Yuki Yuna is a Hero Season 2 Episodes 1-2
by Theron Martin,
How would you rate episode 1 of
Yuki Yuna is A Hero Season 2 ?
How would you rate episode 2 of
Yuki Yuna is A Hero Season 2 ?
Note: Though this part of the series is a prequel, these episode reviews will assume that the reader is either familiar with the first series or does not care about spoilers for it.
The first half of Yuki Yuna is A Hero Season 2 is subtitled “Sumi Washio Chapter.” The subtitle refers to our perspective character, known here as Sumi Washio but familiar to fans as Mimori Togo from the first series, which will take place two years later. In other words, this is the story of how Mimori became a wheelchair-ridden amnesiac who didn't even know that that she had previously been a Hero, and how Sonoko Nogi became bedridden and venerated like a god.
The first two episodes give very little indication that such a tale of woe is in the works, however. Indeed, the only indication we have that the childish and spacey Sonoko will develop into the person she becomes in the first series is the mental acuity she displays when she demonstrates why she was chosen to be the trio's leader by the end of episode two. On the other hand, the origins of Mimori's personality are plainly obvious; even the loss of her memories didn't put much of a damper on her character, including her fascination with national history, her thorough diligence, and her tendency to become flustered in a crisis. The third trio member, Gin, was never even mentioned in the first series, so what happens to her in this prequel should be enlightening. In some respects, she fills the role that Yuna would take in the first series: goodhearted to a fault and an aggressive melee-type in a fight.
The story also remains lower-key in its execution. To be sure, the girls do get involved in fights against one Vertex or another, with the first episode featuring one big battle and the second episode featuring two shorter ones. All of these are about on par with the lesser fights from the first series; not bad by any means, but nothing that's going to dazzle either. The show's emphasis is at least as much on establishing the girls as characters and enjoying their interactions as they grow into becoming good friends. The first series also put a lot of time and effort into this aspect, but these little character-building vignettes tend more toward outright silliness, which makes sense since these girls are preteens and of course more playful. The dialogue retains the natural flow that was such an important feature of the first series as well, making it all work well.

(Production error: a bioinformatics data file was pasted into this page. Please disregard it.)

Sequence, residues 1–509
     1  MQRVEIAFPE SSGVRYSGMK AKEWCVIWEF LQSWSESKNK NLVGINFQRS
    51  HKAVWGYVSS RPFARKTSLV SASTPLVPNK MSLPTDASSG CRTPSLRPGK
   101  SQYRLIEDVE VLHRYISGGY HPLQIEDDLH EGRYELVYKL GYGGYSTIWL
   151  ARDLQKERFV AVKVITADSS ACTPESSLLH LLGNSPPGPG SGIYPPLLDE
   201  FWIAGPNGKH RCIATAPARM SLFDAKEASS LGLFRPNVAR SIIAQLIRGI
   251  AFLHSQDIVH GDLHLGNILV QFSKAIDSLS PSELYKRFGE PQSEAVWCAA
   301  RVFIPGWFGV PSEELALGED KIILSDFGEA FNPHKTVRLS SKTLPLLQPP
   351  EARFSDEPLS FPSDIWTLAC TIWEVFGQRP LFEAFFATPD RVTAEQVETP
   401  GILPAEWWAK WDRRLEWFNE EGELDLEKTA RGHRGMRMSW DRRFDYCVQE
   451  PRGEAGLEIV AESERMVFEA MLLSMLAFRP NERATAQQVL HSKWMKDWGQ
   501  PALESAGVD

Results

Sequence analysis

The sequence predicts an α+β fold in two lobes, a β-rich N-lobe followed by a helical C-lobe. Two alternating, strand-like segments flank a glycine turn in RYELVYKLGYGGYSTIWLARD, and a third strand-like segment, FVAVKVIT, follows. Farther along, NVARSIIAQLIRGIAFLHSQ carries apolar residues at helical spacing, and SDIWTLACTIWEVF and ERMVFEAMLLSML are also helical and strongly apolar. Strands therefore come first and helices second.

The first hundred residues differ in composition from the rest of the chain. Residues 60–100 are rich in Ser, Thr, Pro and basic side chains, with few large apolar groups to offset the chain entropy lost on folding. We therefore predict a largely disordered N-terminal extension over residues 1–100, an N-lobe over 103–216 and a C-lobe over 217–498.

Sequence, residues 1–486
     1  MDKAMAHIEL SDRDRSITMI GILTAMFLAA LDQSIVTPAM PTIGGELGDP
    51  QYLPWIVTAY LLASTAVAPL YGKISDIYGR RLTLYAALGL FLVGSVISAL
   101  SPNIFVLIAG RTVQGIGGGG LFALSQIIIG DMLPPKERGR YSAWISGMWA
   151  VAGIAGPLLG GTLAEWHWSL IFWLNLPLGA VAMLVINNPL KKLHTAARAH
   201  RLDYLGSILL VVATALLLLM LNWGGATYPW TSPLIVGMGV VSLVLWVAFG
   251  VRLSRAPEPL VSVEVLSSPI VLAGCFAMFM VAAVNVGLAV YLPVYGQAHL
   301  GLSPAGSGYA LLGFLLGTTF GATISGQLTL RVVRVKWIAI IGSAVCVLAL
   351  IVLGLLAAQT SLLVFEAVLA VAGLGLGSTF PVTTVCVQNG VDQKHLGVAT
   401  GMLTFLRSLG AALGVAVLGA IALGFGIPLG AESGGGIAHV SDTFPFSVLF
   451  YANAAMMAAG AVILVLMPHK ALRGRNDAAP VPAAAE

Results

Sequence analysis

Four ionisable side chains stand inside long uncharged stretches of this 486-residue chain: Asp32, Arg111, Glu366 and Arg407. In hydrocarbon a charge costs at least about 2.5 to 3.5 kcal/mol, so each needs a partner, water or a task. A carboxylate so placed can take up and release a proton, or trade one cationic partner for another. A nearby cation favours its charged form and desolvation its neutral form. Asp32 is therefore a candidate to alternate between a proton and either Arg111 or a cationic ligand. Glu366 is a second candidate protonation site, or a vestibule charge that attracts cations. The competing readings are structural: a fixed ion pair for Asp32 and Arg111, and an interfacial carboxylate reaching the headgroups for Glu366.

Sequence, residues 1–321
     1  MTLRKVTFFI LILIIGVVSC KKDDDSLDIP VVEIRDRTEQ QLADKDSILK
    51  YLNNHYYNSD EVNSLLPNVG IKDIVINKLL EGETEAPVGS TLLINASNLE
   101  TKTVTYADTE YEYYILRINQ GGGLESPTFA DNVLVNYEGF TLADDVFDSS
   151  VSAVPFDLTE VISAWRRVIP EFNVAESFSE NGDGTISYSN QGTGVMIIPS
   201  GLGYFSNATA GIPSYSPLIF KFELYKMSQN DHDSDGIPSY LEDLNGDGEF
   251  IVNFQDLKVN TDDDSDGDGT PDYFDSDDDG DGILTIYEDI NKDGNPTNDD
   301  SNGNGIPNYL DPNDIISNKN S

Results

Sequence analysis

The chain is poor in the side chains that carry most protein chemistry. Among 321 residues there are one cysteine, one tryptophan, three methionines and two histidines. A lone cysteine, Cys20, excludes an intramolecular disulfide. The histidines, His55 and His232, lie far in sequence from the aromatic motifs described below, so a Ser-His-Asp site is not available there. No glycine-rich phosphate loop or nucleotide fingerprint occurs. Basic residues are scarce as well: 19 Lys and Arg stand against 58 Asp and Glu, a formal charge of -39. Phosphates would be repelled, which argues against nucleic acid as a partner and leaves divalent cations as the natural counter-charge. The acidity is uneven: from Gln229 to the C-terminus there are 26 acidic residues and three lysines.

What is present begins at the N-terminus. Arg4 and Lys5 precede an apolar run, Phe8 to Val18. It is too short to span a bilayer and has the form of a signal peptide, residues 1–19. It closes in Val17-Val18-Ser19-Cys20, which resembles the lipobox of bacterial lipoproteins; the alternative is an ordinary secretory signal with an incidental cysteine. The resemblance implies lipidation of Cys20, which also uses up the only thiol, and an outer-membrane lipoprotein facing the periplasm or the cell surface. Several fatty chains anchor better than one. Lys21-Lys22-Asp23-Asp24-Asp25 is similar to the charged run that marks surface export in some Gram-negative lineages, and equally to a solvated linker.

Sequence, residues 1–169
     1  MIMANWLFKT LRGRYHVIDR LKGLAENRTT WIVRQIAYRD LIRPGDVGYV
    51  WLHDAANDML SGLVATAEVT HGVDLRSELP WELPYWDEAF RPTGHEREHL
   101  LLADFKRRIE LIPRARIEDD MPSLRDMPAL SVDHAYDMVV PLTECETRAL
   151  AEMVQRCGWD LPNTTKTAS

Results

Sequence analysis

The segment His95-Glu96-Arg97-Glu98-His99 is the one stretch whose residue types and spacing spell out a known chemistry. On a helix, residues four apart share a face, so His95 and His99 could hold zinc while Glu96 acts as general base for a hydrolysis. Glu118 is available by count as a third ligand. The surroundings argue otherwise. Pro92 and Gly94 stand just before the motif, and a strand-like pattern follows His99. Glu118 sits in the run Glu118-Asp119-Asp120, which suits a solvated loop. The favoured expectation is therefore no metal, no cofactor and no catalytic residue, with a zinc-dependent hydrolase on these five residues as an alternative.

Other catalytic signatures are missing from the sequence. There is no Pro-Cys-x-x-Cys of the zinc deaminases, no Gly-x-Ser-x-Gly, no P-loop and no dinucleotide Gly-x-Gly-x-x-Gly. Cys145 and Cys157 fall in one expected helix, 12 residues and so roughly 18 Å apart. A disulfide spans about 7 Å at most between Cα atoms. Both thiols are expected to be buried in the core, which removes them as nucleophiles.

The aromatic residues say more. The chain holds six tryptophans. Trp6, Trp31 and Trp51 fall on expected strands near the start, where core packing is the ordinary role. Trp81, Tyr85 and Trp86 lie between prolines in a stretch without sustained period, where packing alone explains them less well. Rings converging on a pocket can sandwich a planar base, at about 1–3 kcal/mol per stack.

Washio Sumi Chapter also fully retains the distinctive visual style of the first series, although its execution isn't quite as sharp; I don't remember such rough shots being as frequent in the original. The vibrant musical score that powered the first series is also toned down a little so far, although it has a similar sound. These two episodes follow the same pattern as the first series in handling the Hero transformation scenes: full version the first time, but mercifully truncated versions after that. Interestingly, the fanservice flavor of these scenes seems more pronounced this time (we only saw a touch of that in Mimori's transformation in the first series), and the bath scene in episode two is a little racier than its equivalent in the first series, as if someone decided that the show needed to pander to fans more. Frankly, the series doesn't need this, so I hope it won't be an ongoing trend, although the joke about adults being more impressive offered the episode's best laugh.
While the first series firmly caught my attention in its first two episodes, it wasn't best of the season material for me until closer to the middle of its run. This series could still get there, but it's off to a milder start, and its predecessor's trademark power isn't quite there yet.
Yuki Yuna is A Hero Season 2 is currently streaming on Amazon's Anime Strike.
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